I Do Not Consent

After you finish reading this post, please head on over to the sequel to get the full picture here. And remember, this (or any other blog) should not be taken as medical advice- it’s just my opinion. I know it should be common sense, but I’ve gotta post it anyway! Thanks!

If you are in a birthing situation and you find that your caregiver is about to do something you don’t want (e.g. an episiotomy, pulling out the forceps, putting pit in your IV, etc.), you may want to remember these four little words:

“I do not consent.”

Saying, “I’d really rather you not cut me,” or, “I don’t want a vacuum delivery if the baby is still ok,” or “Please don’t up the pit” may or may not work. However, if you say that you do not consent to a certain procedure, then the doctor or midwife cannot legally proceed wth it.

I only say this because I have heard many, many horror stories of women being on the receiving end of what in any situation other than a birth would be considered assault. Make sure you are absolutely clear with your intent and tell your caregiver if you do not consent to a procedure. I will say, however, that this phrase should probably not be taken lightly. Weigh your caregiver’s experience against your own intuition. Is your baby still ok? Are you still ok?  Find out whether the caregiver is recommending a procedure out of medical necessity, or because of convenience or a hospital policy.

If nothing else, you can always say, “Wait. I do not consent yet.” Go on to ask these four questions:

1) Is this an emergency? (If no, move on.)

2) What are the benefits of this procedure?

3) What are the risks of this procedure?

4) What happens if we do nothing?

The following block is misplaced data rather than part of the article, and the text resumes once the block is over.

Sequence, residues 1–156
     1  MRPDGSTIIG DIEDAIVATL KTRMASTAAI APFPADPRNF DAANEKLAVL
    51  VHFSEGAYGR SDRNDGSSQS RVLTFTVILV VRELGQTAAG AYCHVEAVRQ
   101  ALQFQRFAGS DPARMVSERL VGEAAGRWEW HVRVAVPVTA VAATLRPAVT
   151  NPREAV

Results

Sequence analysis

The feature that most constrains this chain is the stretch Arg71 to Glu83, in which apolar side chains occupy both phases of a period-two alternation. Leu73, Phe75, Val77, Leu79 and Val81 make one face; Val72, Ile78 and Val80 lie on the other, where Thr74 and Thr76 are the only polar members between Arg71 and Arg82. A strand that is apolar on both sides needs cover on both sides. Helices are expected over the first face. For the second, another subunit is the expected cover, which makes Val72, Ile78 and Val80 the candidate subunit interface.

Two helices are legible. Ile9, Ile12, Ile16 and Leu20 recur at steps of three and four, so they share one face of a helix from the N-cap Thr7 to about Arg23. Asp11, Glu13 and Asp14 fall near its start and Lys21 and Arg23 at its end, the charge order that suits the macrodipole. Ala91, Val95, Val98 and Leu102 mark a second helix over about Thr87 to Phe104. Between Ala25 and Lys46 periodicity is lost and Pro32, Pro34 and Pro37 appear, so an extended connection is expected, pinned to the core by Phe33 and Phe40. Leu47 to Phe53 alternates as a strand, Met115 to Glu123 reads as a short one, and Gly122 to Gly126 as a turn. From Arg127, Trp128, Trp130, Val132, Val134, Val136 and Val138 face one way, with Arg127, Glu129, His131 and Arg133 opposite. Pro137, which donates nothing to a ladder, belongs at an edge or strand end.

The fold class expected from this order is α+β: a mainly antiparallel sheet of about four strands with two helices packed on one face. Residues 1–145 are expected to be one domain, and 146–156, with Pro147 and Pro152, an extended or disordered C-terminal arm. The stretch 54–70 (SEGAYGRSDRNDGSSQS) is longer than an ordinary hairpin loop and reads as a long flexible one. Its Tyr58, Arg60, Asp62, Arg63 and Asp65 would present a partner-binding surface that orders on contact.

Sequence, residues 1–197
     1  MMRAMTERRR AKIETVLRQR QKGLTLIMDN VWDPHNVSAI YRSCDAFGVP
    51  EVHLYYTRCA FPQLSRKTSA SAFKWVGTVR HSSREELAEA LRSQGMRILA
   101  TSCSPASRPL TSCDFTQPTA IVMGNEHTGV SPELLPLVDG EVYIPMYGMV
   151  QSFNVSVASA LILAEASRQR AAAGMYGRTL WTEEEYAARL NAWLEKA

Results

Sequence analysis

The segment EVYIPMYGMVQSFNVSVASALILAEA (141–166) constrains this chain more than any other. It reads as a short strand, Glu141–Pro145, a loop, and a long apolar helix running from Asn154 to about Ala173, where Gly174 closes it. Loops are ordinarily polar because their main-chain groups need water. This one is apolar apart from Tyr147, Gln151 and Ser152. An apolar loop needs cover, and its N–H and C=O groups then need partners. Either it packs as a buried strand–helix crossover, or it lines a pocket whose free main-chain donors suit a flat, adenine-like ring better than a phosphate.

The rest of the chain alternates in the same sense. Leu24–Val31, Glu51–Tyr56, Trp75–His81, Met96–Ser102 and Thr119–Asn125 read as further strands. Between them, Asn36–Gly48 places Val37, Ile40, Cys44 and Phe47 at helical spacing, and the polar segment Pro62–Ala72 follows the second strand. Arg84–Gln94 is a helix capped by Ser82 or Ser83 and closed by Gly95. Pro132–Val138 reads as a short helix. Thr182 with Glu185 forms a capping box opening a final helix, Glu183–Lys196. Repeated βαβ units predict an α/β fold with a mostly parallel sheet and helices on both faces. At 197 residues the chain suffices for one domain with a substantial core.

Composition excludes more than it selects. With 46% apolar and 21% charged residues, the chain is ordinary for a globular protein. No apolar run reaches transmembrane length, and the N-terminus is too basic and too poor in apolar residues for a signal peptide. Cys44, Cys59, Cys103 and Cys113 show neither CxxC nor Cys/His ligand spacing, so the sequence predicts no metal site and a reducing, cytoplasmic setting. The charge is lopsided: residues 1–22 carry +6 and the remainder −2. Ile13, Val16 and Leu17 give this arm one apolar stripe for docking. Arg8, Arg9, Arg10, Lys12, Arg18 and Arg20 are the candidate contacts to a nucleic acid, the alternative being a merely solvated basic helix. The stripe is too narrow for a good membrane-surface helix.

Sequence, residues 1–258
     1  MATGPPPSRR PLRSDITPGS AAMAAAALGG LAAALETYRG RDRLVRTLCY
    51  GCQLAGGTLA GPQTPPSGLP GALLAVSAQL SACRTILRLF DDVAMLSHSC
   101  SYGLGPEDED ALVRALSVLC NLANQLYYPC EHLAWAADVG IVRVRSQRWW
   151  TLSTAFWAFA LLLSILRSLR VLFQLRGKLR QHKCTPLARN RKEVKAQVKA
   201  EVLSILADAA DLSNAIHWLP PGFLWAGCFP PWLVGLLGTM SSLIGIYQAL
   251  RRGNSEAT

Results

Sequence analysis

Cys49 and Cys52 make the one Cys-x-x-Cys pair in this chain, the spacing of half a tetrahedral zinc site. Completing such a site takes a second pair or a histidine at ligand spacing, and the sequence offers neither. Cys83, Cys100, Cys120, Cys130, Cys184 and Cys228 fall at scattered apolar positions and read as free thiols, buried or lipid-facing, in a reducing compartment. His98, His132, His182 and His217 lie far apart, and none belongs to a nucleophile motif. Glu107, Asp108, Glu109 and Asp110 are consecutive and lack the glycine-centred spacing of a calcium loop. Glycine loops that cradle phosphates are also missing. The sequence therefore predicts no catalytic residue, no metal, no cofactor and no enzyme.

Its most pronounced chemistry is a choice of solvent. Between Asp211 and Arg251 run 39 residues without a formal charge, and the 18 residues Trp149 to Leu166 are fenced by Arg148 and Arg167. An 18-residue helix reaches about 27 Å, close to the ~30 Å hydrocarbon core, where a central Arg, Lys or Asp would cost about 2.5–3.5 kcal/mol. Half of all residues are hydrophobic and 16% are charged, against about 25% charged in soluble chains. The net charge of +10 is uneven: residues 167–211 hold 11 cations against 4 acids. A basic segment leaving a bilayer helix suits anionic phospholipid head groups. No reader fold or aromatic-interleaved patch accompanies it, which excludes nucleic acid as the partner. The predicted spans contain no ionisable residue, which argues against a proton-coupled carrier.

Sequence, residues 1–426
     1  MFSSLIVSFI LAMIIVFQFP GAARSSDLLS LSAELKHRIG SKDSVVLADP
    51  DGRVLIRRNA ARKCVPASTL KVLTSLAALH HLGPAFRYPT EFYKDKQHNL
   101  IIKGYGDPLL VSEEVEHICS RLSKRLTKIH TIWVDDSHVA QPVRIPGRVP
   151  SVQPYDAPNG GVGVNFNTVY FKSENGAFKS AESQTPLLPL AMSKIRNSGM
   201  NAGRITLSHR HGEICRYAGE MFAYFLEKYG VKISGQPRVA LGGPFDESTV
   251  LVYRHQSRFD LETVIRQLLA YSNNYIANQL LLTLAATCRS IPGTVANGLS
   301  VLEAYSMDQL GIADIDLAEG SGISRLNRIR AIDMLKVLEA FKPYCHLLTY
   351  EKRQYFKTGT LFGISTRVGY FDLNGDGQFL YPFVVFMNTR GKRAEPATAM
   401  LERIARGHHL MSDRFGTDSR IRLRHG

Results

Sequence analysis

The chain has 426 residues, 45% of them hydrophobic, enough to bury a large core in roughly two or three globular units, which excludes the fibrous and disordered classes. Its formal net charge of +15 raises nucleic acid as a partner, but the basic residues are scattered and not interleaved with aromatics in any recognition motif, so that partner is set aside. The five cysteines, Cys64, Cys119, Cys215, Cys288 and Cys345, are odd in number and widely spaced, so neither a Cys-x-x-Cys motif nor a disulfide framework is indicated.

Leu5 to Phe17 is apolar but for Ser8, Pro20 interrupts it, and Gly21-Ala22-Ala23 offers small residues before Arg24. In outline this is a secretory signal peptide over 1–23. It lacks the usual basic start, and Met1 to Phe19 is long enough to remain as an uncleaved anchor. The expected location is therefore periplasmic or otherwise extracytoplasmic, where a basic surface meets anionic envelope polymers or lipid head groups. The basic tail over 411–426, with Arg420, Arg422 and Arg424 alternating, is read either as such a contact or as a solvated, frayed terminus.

Remember that it is never, ever too late- even in the middle of labor- to change your caregiver or birth site. If a nurse is trying to do something you do  not want, request a different one. If you are home with a midwife who has suddenly turned sour on you, it’s okay to leave and go to the hospital. If you are at the hospital and there is no acceptable caregiver, it is okay to leave the delivery room and drive to the next hospital. Again, these actions should be taken only with real cause, not at the drop of a hat.

Remember, it is YOUR birth. Yes, doctors and midwives are trained for birth. But sometimes procedures, liability issues, and yes, even sometimes the convenience of the caregiver can get in the way of letting your body do what it does best. You should always be treated with respect and dignity. Remember, with careful consideration, it is okay to utter those four words: “I do not consent.”

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49 responses to this post.

  1. Posted by dac on May 27, 2011 at 11:08 am

    Very well said. We should make it our business to to well informed about any medical procedure. A friend battling ovarian cancer once reminded me, “YOU are in charge of your treatment.”

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  2. Posted by dac on May 27, 2011 at 11:09 am

    Sorry… *to be well informed*

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    • Agreed! Whether it be birth or otherwise, we should be informed about what is being done. If the caregivers aren’t telling us, then we need to firmly ask that we be told and/or find out ourselves.

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  3. [...] be rather busy at that point!). Remember, you can always remind your caregiver that you do not consent to an episiotomy if it is very important to [...]

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  4. Posted by Jessica on April 18, 2012 at 7:10 pm

    Love this!! Thank you!

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  5. Posted by Jessica on April 18, 2012 at 7:16 pm

    Ok, I have a question… what about the “consent for treatment” form they make you sign when you’re admitted. Does that make it to where you can’t just take consent away with certian procedures? I plan on having a very proactive, natural hosptial birth in June and need all the tips I can get! Also, if I’m starting to push and the doctor is doing things I don’t want him to do and is just being a jerk, do I have the right to kick him out and catch the baby myself?